Time to beat this drum again! I still see LinkedIn profiles that aren’t doing you any favors and might actually be hurting your chances of being considered for the position you want. LinkedIn isn’t the only tool you should pay attention to in your job search and career management, but it’s a BIG piece of the puzzle.
Are you “on” LinkedIn but basically inactive (limited content in your profile)? Do you visit your profile only every six months or so and make halfhearted stabs at updating it? If so, you probably aren’t getting the value from LinkedIn that you can–and need to have if you expect it to produce results for you when you want to be viewed as a serious candidate for new job opportunities. Prospective employers DOcheck your LinkedIn profile when they’re vetting you!
LinkedIn Profile: Desirable vs. Requirements
LinkedIn has requirements that profiles are expected to follow, and yours can be downgraded if it doesn’t. For instance, you can’t use as many characters as you want in a given section, arrange all the sections in the order you want, and so on. However, it does allow you to have a good headline and a substantial Summary (key sections), even though it seriously limits how much of your Summary shows initially when people view your profile.
On the other hand, LinkedIn used to emphasize having good recommendations in your profile if you wanted it to be well ranked. Then they decided to add the skills-and-endorsements section and downplay recommendations. This approach has at least two negative aspects:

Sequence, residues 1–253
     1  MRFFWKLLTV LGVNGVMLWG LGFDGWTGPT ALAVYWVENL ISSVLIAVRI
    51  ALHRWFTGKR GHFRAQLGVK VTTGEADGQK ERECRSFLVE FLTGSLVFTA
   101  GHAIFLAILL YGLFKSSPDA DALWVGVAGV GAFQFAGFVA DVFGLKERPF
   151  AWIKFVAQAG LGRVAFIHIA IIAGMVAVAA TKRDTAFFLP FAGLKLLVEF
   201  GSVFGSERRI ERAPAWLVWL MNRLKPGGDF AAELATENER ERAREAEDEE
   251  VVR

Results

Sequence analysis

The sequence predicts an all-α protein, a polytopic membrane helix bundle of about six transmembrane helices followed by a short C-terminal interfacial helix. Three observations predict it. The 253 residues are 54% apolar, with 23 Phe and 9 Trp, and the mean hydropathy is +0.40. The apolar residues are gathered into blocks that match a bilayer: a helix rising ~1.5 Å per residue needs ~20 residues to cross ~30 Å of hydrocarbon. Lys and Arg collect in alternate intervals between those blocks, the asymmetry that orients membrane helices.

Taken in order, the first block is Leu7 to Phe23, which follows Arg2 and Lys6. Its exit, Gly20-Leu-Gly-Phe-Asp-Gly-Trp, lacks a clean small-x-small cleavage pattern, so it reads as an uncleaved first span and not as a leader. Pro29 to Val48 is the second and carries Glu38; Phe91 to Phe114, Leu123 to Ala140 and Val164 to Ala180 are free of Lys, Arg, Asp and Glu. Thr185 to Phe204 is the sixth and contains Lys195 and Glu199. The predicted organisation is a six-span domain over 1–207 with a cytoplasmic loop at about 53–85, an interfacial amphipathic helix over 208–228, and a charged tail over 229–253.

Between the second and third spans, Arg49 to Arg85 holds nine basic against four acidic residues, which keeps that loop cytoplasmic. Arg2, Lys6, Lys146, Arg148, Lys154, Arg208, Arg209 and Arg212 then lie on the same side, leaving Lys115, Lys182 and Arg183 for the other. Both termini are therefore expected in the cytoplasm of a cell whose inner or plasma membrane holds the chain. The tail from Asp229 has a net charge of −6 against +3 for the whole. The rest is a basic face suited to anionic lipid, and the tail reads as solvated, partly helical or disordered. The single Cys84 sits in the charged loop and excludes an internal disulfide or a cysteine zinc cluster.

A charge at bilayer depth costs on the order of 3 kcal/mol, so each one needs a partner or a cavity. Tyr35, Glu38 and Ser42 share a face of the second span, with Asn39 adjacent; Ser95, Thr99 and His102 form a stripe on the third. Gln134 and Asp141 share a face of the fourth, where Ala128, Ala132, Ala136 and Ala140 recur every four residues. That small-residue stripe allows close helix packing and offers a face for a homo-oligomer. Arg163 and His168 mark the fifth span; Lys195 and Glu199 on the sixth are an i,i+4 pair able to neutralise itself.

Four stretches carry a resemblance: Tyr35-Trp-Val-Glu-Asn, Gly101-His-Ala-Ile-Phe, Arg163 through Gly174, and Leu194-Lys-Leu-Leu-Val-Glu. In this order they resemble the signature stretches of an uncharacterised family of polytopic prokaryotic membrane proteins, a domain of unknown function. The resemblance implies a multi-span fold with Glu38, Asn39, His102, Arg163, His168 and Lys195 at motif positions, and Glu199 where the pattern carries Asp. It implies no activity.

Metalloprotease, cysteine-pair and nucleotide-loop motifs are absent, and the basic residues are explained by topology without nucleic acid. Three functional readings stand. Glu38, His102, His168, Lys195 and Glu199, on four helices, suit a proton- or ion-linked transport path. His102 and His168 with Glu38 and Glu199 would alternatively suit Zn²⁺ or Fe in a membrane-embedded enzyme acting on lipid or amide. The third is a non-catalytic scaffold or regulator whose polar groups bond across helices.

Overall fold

Recommendations are written by people who know you well, have worked with you (or managed you) in the past, etc. They can speak from a position of knowledge about you. Endorsements don’t require that kind of effort and awareness from the people who provide them.
This leads to a bigger negative–people can, and do, endorse you for skills you don’t have or have but don’t want to use. You need to remove those skills from the section to avoid giving a mistaken impression.
“You need to ask people to write testimonials for you. Every time you complete work of significance, ask for a recommendation from those who[m] you positively benefited. Recommend them too. Reciprocity on LinkedIn is always appreciated.
“Only endorse people for skills that are and will be significant for them….Compiling recommendations, skills and endorsements on LinkedIn are a powerful and effective way to build your brand in your area of expertise so that when a role opens that might appeal to you, recruiters, both corporate and third-party, are able to find you and reach out to you to discuss opportunities with you.”
(Maybe he meant “Compelling recommendations…”? That makes more sense.)
Social media plays a greater role today than ever in job search and career management, and LinkedIn still tops the list. You need to take it seriously if you’re trying to boost your career success or planning to conduct a job search. Do what it takes to make your profile work for you, not against you! In other words, make it a regular part of your career planning. I’m betting you’ll be glad you did.